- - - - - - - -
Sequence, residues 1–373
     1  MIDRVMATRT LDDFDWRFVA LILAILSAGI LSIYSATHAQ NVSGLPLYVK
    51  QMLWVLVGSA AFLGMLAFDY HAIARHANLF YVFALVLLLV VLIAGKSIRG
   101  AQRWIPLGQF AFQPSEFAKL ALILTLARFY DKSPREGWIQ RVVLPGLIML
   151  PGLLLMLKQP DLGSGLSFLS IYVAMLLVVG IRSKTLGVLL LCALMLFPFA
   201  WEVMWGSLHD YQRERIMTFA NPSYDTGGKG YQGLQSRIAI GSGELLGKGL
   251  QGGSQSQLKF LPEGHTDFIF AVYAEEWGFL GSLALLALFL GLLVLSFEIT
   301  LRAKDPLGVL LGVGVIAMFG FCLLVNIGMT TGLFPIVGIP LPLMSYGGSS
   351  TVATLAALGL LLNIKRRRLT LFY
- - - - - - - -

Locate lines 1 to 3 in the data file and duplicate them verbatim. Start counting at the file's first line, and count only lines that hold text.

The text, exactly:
Sequence, residues 1–373
     1  MIDRVMATRT LDDFDWRFVA LILAILSAGI LSIYSATHAQ NVSGLPLYVK
    51  QMLWVLVGSA AFLGMLAFDY HAIARHANLF YVFALVLLLV VLIAGKSIRG